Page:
Deepak Chopra:  I think the only way you change consciousness right now is first having a conversation like the one we are having.  Secondly, enlisting the help of media as much as you can, because media takes that connective, that conversation, and can help you reach critical mass.  So the media that we are being exposed to right now, but media includes Internet, it includes other social networks, it includes Twitter, and Facebook, and every possible outlet that we can have to engage in this conversation because it's an emergency.  The second thing you do is you change, we bring this conversation into education and that particularly in business school.  The idea of Just Capital came to me because I was teaching a class.  I teach a class at Kellogg Business School called the Soul of Leadership.  But then I recently started teaching a class, Columbia Business School, which is called cause-driven marketing and just capitalism.  And it's based on the idea that if you can create a capitalistic society that is looking at major issues around the world, and particularly sustainability and you create a business out of it, that you will be the business of the future.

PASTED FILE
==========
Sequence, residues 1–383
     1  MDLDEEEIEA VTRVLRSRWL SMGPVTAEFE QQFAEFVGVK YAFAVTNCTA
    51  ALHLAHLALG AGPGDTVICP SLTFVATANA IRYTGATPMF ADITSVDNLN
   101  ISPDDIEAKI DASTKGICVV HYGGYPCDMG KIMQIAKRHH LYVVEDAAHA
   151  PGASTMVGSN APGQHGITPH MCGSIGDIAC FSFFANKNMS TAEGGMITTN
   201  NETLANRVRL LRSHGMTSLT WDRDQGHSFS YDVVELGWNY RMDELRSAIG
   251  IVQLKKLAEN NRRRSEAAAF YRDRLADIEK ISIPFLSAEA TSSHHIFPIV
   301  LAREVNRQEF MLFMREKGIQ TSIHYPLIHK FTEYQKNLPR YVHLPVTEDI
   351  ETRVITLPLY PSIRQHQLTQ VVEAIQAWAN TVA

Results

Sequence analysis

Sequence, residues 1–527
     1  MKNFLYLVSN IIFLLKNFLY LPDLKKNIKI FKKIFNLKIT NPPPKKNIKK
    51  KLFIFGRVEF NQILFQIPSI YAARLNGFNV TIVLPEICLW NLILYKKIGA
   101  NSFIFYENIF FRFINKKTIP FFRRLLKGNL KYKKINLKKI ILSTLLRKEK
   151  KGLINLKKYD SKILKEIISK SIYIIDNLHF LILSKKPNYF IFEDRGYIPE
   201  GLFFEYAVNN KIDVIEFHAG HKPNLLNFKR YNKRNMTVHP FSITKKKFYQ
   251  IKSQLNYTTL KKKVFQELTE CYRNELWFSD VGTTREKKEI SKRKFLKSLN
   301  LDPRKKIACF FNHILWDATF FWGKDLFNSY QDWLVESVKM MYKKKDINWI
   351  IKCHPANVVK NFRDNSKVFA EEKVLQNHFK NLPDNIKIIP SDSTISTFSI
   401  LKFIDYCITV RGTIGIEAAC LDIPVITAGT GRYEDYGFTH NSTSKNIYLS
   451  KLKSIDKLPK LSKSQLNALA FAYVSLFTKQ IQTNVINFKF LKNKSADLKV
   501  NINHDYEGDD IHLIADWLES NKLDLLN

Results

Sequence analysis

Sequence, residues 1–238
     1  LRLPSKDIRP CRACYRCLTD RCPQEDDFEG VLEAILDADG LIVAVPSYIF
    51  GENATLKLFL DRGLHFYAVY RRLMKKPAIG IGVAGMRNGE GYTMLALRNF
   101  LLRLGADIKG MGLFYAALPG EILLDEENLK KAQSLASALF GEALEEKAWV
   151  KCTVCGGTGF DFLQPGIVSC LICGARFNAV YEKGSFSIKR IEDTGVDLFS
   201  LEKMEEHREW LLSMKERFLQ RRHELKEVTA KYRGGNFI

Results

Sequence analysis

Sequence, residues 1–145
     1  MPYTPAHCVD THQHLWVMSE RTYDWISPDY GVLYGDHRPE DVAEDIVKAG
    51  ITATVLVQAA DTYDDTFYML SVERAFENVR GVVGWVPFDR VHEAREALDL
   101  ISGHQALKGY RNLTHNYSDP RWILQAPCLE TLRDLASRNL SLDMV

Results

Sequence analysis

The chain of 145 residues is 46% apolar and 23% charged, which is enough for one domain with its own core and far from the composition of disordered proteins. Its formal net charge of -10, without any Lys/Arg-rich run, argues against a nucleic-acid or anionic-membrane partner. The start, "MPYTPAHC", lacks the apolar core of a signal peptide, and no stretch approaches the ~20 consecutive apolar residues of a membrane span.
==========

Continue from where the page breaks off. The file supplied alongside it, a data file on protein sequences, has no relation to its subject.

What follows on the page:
So in my class, we have 50 students and at the end of the course, and Rinaldo has spoken at the class amongst other people, including Paul Tudor Jones, we divide the class into teams of five and so we have ten teams.  And on the last day of the class, the teams make a presentation to venture capitalists, and they have to come up with a business plan that justifies this term cause-driven marketing and just capitalism.  And actually, it's very interesting because our venture capitalists, who come as judges, have actually now started funding some of the students who are coming up with absolutely brilliant ideas on how to recycle toilet water and make it drinkable, on how to recycle through biophilia, even in apartment buildings create energy, et cetera, and these are kids basically who are doing this.  So I think education is a very important part but media is even more important.